The Gulf Coast is a melange of cultures, each bringing its proverbial pots of traditions and merging over centuries. Along with generations of fishers, shrimpers and oyster farmers, the region created one of the country’s most unique and admired culinary canons. The Gulf has one certainty even when times are low: As sure as the sea and sky roil, the gumbo will boil.
Creole cooking's cornerstone. Metaphorical stew mirrors Gulf’s mixed cultures. Best versions have chocolate-colored roux as the base, okra or filé powder for thickener, and plenty of oysters, crab and shrimp.
Come spring, pots spill spicy combo of crawfish, potatoes, corn and sausage onto newspaper-covered tables. Cajun tradition using crustacean long consumed by Native tribes. Vietnamese revolutionized formula with tear-jerking heat, garlic butter.
West Indies Salad
Credited to Mobile Bay-area restaurant owner Bill Bayley, who as a merchant mariner in the Caribbean picked up idea for chilled salad of crabmeat with oil, vinegar and sliced onion.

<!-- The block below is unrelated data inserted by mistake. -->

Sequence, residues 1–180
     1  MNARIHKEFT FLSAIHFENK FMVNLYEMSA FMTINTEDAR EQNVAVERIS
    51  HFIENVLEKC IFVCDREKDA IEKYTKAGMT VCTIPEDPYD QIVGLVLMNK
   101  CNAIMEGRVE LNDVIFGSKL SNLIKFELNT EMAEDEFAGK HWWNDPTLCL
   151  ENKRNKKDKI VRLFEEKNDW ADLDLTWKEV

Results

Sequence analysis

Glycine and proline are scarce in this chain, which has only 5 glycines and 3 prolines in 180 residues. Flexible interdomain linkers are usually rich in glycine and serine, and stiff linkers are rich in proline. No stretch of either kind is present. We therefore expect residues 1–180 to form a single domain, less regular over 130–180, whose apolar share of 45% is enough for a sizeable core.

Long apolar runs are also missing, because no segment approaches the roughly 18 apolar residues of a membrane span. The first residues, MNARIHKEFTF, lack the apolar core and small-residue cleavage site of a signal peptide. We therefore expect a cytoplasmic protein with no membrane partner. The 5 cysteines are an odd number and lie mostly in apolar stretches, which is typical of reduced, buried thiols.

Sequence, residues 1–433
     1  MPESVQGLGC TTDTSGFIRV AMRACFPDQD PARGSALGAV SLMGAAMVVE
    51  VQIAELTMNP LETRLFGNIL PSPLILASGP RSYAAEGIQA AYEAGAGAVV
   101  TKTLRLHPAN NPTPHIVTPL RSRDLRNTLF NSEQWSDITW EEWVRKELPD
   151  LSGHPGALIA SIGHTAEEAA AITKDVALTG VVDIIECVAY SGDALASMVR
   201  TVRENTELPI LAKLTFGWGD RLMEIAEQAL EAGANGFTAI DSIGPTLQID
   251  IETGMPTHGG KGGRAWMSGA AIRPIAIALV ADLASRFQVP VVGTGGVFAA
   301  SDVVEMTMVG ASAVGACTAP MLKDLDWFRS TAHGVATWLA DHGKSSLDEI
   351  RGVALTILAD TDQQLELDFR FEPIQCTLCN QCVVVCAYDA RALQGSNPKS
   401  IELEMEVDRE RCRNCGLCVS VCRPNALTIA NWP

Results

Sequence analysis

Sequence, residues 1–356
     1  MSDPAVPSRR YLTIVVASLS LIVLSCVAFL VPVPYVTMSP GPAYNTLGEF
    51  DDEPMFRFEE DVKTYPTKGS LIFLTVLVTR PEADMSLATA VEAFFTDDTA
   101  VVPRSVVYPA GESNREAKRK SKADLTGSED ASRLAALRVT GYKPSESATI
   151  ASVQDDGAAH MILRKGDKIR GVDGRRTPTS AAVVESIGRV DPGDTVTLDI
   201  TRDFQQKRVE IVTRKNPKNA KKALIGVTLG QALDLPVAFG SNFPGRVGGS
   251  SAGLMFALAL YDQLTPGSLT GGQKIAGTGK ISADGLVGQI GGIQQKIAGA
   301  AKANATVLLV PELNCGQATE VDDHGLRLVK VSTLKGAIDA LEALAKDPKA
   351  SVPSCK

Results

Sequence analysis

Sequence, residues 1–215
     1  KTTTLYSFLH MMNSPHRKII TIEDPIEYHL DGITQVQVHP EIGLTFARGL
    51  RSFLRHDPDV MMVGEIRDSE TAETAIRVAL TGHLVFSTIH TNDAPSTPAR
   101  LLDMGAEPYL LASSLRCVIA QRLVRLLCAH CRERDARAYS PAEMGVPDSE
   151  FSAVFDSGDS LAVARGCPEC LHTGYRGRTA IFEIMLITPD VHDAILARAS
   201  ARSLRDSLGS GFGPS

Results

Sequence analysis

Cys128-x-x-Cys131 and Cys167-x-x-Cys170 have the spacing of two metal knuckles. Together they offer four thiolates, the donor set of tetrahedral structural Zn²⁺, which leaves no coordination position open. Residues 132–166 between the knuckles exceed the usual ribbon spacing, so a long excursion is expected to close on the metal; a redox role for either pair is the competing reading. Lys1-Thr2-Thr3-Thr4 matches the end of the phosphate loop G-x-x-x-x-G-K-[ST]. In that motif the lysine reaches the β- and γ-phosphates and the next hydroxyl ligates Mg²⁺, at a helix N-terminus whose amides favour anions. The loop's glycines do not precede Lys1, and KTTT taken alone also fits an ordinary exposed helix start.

Oysters cooked over a fire (sometimes broiled or baked) in shell with some combo of butter, cheese, breadcrumbs and herbs. Go by the names of Bienville, Rockefeller, etc.
An Italian-American innovation easily adapted to wherever immigrants and their progeny settled. On the Gulf, shrimp are swaddled in lemon-garlic sauce over nest of spaghetti.
Unctuous bottom-feeder filets smoked and whipped up with mayo (sometimes cream cheese too), pickle relish, celery, green onions, lemon and hot sauce. Served with saltines.
Not to be confused with deviled crab. These croquettes come from Cuban community Ybor City, Florida. Blue crab meat simmered with spicy sofrito sauce, shaped into footballs and deep-fried.
Cajun chef Paul Prudhomme’s watershed creation so popular in ’70s it caused closing of Gulf’s fishery for species to recover. Butter-dipped filets coated in dried herbs and spices form almost-burnt crust in ripping-hot skillet.
Oft-seen in Florida’s Greek restaurants. Tentacles grilled till suction cups are charred and meat tender. Served with olive oil with oregano, garlic and squeeze of lemon.
A Spanish classic. Short-grain bomba rice simmers in a wide, shallow paella-specific pan with olive oil, peppers, onions, tomatoes, garlic, spices and white wine. Clams, shrimp, mussels and scallops work best.